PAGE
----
KENYA – The Agriculture CS Mithika Linturi has flagged off the recently received consignment of grain dryers to be distributed in the larger Rift Valley region as El Nino wreaks havoc on maize farms.

According to Linturi, the dryers have the capacity to dry 14 tonnes of maize in two hours.

The 100-grain dryers landed in the country last week following the government’s allocation of KES2 billion (US$13.5M) for their acquisition to mitigate post-harvest losses during the harvesting season.

The CS was speaking at Ziwa NCPB depot in Soy Constituency in Uasin Gishu County where a demonstration was conducted to farmers on how maize will be dried using the mobile dryers to achieve the desired moisture levels. He later continued with the distribution in Nandi County.  

The government made a commitment to distribute grain dryers across the country to reduce post-harvest losses caused by aflatoxin among other factors.  

This will drastically help our farmers to reduce post-harvest losses leading to increased farmers’ earnings and a more stable grain reserve for the country.

In Kenya, maize production has steadily declined in recent years driven by drought, land subdivision, poor quality of fertilizer, land overuse, and high cost of inputs with production reducing from a high of 44.6 million bags in 2018 to just 34.3 million in 2022.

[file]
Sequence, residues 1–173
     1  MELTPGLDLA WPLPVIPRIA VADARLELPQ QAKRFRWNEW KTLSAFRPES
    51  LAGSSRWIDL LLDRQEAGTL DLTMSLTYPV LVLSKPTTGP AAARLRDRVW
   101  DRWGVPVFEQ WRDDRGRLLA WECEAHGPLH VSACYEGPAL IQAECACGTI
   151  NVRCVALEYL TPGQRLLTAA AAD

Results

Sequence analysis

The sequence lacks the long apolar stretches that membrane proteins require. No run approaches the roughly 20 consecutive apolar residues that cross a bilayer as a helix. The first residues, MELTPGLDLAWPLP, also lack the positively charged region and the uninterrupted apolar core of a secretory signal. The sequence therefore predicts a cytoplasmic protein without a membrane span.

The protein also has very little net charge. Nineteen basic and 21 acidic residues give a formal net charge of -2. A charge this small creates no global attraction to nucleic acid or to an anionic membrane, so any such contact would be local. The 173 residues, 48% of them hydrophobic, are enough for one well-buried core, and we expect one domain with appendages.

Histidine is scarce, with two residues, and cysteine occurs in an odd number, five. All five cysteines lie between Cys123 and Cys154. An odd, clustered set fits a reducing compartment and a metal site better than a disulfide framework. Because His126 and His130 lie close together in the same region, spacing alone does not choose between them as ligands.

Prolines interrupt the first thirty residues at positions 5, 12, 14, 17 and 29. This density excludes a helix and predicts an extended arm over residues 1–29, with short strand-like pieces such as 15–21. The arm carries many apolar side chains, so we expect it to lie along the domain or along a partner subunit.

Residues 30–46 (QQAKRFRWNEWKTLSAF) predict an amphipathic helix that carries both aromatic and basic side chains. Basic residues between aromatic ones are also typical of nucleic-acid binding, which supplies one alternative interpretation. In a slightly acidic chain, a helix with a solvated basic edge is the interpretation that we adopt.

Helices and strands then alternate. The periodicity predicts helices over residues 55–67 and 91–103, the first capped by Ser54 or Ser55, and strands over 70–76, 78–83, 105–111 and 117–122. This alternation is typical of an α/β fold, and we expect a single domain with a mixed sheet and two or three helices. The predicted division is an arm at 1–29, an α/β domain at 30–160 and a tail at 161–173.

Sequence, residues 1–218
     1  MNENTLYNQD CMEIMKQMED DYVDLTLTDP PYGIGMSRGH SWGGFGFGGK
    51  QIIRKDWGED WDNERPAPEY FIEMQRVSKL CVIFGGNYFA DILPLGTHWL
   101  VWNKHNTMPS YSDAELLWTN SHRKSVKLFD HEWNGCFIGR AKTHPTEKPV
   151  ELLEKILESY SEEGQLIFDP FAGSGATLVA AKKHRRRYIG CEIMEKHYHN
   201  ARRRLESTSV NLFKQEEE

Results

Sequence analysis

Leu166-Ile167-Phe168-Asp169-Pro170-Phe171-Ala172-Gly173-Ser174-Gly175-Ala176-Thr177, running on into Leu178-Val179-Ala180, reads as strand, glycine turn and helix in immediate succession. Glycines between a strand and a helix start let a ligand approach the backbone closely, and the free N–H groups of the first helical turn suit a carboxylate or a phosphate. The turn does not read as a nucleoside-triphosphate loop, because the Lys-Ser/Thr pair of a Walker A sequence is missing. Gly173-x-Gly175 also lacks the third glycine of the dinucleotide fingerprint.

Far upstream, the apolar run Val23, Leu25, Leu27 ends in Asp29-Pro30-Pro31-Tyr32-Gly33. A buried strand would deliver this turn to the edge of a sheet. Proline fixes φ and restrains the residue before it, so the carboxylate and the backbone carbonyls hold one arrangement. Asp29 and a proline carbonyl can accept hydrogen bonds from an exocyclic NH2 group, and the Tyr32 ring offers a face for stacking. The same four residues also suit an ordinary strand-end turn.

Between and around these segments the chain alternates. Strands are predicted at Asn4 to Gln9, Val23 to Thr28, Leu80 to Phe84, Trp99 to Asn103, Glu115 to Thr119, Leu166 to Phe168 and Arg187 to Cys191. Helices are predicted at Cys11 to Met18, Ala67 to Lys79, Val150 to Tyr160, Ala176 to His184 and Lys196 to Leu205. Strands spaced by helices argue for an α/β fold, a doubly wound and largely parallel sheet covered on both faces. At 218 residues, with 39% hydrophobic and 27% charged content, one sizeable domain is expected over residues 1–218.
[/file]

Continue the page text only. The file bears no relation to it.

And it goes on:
Data from the Kenya National Bureau of Statistics (KNBS) shows that the country harvested 34.3 million bags of maize last year, a significant drop from the 36.7 million bags harvested in the previous season.

However, for this year’s harvesting season, the Ministry of Agriculture has said the country is expecting a bumper harvest this year of between 35 million to 40 million 90kg bags.

This, according to government officials relates to the current administration’s commitment to support farmers in a bid to boost food security in the country.

Recently, President Ruto while delivering his first State of the Nation address in Parliament noted that the move to subsidize the cost of fertilizer was a masterstroke in the plan noting it has reduced from the previous KES 6, 500 (US$42.72) to now KES 2, 500 (US$16.43) per bag.

The head of state added that the move has now seen the maize production, in the country, go up by 200,000 per care this year with 18 million additional bags of maize set to be harvested.

I urge maize farmers to continue registering in the ongoing farmer registration exercise to benefit from Government subsidy programs like the subsidized fertilizer to enhance food and nutrition security in our country,” said Linturi.